Health / Environment
How COVID-19 Has Affected Medical Care For Non-Coronavirus Patients (February 22, 2020, NPR)
The coronavirus outbreak in China has pulled vital medical resources and personnel away from regular procedures. This is causing complications for people who need treatment for other diseases.
Despite Government Assurances, Medical Workers in Hubei Say They Lack Supplies (February 22, 2020, China File)
And yet despite similar efforts, as well as a major Chinese government push to ramp up production of protective gear, eight doctors and nurses at five hospitals I have been in touch with over the past week describe precarious conditions in which basic supplies are still inadequate.
China Has Built Over 20 Mass Quarantine Centers For Coronavirus Patients In Wuhan (February 24, 2020, NPR)
For non-critical coronavirus patients, China has built mass quarantine centers. But critics say these may not be a good idea, as they may put healthy and infected people in the same place.
Science / Technology
Has the internet helped China contain the coronavirus? (February 26, 2020, East Asia Forum)
In the digital era, the internet and social media have penetrated every aspect of the COVID-19 outbreak. Government agencies have set up official websites for releasing disease surveillance data and providing health information and advice. This has improved government transparency and helped circulate vital information and advice.
History / Culture
From one-time Chinese capital to coronavirus epicenter, Wuhan has a long history that the West had forgotten (February 23, 2020, CNN)
Two generations ago, this city of 11 million people, on the junction of the Yangtze and Han Rivers, 600 miles upstream, in central China, was known through the West as a major industrial city. It was somewhere many European powers had a consulate, a place where major Western and Japanese trading firms, and international textile and engineering companies, had factories and sales offices.
Travel / Food
China hits back at American ‘coronavirus overreaction’ with travel warning for US (February 25, 2020, South China Morning Post)
China has issued a travel warning for the United States, urging its citizens not to travel to the country amid concerns over the global spread of the coronavirus, a move analysts say will worsen already heightened tensions between the two powers.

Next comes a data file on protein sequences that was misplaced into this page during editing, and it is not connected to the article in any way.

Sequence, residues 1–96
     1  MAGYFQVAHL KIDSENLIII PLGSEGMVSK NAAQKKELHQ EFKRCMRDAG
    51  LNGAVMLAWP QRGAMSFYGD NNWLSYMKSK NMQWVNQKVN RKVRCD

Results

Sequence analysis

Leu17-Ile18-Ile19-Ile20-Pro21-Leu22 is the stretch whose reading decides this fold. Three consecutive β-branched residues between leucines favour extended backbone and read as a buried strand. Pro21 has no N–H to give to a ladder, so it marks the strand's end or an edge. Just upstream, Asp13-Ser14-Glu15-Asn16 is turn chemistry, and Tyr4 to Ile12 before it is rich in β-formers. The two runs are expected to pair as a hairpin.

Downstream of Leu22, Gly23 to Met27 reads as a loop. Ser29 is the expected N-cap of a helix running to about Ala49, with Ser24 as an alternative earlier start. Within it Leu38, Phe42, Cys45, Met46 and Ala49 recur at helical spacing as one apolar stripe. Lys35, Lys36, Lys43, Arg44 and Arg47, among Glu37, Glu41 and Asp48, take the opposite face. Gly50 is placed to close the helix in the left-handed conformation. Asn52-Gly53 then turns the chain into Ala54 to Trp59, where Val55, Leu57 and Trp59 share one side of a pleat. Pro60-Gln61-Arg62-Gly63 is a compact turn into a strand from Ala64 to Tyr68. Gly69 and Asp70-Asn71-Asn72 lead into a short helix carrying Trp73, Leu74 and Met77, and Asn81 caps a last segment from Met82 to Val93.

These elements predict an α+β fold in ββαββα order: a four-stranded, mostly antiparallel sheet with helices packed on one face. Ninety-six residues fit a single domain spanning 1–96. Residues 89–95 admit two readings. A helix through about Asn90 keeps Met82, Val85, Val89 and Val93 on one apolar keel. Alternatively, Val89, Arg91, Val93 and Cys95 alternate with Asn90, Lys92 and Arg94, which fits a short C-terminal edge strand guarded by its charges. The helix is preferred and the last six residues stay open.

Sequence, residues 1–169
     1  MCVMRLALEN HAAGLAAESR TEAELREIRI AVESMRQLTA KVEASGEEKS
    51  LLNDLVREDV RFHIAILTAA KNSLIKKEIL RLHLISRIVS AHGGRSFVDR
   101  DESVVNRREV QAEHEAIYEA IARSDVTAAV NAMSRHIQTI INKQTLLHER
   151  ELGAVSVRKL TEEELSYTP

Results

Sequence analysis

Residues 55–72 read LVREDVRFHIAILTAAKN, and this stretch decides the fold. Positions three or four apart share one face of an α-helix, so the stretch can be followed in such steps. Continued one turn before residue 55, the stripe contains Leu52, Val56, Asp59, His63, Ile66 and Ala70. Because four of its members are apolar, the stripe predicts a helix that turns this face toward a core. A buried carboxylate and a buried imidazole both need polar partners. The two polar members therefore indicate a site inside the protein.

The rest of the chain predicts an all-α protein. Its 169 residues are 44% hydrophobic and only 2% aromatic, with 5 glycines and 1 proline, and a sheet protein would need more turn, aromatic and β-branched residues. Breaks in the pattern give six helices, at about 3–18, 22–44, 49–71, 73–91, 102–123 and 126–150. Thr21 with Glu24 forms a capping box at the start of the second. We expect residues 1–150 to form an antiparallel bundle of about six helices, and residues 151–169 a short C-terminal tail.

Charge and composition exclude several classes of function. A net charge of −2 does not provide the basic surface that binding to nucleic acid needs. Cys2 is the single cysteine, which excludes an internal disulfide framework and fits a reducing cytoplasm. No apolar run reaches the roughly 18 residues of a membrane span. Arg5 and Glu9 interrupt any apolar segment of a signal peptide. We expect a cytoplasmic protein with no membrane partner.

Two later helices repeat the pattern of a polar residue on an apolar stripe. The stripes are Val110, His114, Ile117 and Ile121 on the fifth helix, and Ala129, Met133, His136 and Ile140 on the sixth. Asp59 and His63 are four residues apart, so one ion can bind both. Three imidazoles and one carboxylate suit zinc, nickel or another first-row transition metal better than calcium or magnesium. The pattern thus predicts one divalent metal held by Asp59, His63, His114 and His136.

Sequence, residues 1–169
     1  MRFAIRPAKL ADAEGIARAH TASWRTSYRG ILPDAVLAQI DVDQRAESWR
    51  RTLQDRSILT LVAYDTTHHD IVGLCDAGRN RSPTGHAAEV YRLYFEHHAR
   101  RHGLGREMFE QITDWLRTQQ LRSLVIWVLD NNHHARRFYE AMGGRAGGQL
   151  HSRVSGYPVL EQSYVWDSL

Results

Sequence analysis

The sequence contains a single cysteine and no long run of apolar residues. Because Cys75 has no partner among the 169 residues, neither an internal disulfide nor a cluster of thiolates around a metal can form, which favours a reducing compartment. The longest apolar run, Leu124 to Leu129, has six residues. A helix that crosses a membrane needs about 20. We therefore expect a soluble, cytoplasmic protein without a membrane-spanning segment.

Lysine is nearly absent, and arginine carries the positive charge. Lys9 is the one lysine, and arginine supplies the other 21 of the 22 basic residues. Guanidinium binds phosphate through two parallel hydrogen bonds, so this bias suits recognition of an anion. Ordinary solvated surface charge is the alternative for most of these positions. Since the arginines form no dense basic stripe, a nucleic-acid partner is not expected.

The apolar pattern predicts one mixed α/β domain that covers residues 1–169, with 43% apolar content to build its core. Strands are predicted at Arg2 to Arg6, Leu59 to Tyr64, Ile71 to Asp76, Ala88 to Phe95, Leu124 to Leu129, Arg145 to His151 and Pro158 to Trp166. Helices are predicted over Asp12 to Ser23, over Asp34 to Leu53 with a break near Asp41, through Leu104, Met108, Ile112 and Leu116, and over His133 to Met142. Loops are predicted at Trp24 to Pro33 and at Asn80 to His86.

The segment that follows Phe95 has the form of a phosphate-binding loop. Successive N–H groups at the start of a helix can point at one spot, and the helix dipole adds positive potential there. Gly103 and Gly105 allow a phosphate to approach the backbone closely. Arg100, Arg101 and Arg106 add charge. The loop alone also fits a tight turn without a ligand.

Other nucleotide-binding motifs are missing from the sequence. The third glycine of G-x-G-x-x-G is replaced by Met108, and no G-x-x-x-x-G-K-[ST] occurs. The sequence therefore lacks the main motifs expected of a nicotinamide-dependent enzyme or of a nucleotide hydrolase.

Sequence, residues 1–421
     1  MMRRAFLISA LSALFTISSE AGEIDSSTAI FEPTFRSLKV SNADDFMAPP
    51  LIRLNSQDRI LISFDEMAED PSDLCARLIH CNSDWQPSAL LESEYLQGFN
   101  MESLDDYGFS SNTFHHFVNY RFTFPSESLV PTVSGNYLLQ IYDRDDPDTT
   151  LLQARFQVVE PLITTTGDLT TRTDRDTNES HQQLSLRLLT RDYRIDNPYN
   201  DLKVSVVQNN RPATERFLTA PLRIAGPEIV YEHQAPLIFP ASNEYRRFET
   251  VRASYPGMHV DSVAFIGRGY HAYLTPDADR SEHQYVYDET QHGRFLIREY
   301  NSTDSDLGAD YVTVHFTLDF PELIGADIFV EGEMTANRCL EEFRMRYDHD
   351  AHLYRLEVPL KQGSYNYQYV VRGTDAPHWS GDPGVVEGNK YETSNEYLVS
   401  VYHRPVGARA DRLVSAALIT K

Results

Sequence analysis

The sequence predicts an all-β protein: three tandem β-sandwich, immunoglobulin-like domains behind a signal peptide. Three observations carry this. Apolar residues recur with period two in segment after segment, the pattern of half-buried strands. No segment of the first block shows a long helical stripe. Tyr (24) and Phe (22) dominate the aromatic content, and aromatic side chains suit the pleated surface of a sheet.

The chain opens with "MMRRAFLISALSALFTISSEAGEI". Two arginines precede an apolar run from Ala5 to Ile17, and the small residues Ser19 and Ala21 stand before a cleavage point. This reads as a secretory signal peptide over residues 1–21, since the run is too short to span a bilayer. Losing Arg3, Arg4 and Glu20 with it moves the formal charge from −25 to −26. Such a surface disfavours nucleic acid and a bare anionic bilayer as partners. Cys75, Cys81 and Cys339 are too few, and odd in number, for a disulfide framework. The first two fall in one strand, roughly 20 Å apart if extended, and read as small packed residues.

Language / Language Learning
Boost Your Chinese Vocabulary With These Revised Coronavirus Idioms (February 24. 2020, The Beijinger)
Given the huge (and growing) impact that the coronavirus has had on all of us this year, it only natural then that some of these phrases be given a reboot to reflect the times. That's exactly what China's netizens have done, adapting and coopting old idioms (成语 chéngyǔ) to express their emotions and get creative in the face of an otherwise harrowing historical moment.
5 levels of understanding Chinese characters: Superficial forms to deep structure (February 25, 2020, Hacking Chinese)
In this article, we will look at five levels of understanding Chinese characters and how they relate to memorising characters. The levels range from surface structures to accurate understanding of how characters work. While more understanding is generally beneficial, I will argue that there’s a limit to how deep into the rabbit hole you should go.
The Life of Laowai (February 24, 2020, China Channel)
Tom Carter’s recent work, An American Bum in China, a true-to-life account of Iowan Matthew Evans’s “bumblingly brilliant escapades” from Guangdong to Shanghai to Yunnan to Hong Kong, tackles these themes head-on, and upon reading, even the most ardent defenders of fiction will be forced to admit: you just can’t make this stuff up.
Links for Researchers
Studies in World Christianity, Issue 26.1 (February 25, 2020, The University of Edinburgh)
Of the five articles in this issue on the topic, the first three are revisions of papers delivered at the Yale—Edinburgh conference held at Yale Divinity School in June 2019, entitled ‘Diversity and Difference in Custom, Belief, and Practice in the History of Missions and World Christianity’. Together they demonstrate the strength found in the diversity and difference throughout World Christianity.
Image credit: Joann Pittman via Flickr.
Joann Pittman is senior vice president of ChinaSource and editor of ZGBriefs. Prior to joining ChinaSource, Joann spent 28 years working in China, as an English teacher, language student, program director, and cross-cultural trainer for organizations and businesses engaged in China. She has also taught Chinese at the University of Northwestern-St. Paul …View Full Bio